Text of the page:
As the planet warms, some species will need to relocate to areas with suitable climate conditions for survival. New research reveals that only 41 percent of the natural land area in the United States retains enough connectivity to facilitate this migration.
Crows don’t always make the easiest of neighbors. But sometimes dealing with crows is as simple as an attitude adjustment.
Successful conservation needs both men and women to thrive. So Conservancy scientist Robyn James is changing the way conservation projects in Melanesia incorporate women — from the Arnavon Islands to Papua New Guinea.
If removing habitat from farms doesn’t improve food safety, are other practices equally as ineffective, or worse, potentially damaging to farmers? A new study says yes.
After a 40-year history punctuated by arson, conflict, and poaching, conservation efforts in the Arnavon Islands are yielding a glimmer of hope for hawksbills sea turtles. Now, Conservancy scientists are working with local communities to make these critical islands the first site in the Solomon Island’s protected area network.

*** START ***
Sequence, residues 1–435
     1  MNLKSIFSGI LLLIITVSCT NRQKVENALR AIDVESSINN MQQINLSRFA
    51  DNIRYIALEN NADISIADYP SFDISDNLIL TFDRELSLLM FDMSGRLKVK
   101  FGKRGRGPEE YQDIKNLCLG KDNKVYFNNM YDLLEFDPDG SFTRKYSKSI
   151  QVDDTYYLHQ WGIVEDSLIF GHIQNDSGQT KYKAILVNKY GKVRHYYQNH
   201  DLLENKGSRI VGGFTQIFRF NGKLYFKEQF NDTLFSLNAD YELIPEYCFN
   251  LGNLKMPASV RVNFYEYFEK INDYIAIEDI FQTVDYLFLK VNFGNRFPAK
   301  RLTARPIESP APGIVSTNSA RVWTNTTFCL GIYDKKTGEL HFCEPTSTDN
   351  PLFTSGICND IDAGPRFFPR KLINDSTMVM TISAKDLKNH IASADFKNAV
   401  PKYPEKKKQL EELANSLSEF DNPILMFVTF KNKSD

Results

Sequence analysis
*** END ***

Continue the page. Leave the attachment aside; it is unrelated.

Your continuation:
Join Conservancy scientists in the Arnavon Islands, where they’re tagging hawksbill sea turtles with satellite trackers to discover where and when these turtles migrate in between nesting.
Follow science writer Justine E. Hausheer along on a typical day of scientific fieldwork in the Arnavon Islands: tagging turtles, trapping for nautilus, handlining fish, and catching crocs, all in the name of science.
Grim news on two of the tagged hawksbill turtles highlights the need for the Conservancy's investigation into the illegal hawksbill trade in the Solomon Islands.
This spring, well-meaning tourists tried to rescue a Yellowstone bison calf from the cold. It didn’t end well. What happens when we put our human narratives on the wild.
Across their range, cacti are disappearing. The number one culprit? Illegal collecting. A look at the cactus smuggling trade.
Move over grizzlies and bison. We’re looking for some of the more unusual national park wildlife encounters, from pupfish to endemic chipmunks to salamanders. How many have you seen?
New research indicates that hyperstability — when catches remain high even as fish are rapidly depleted — could be a major challenge for assessing data-poor coral reef fisheries.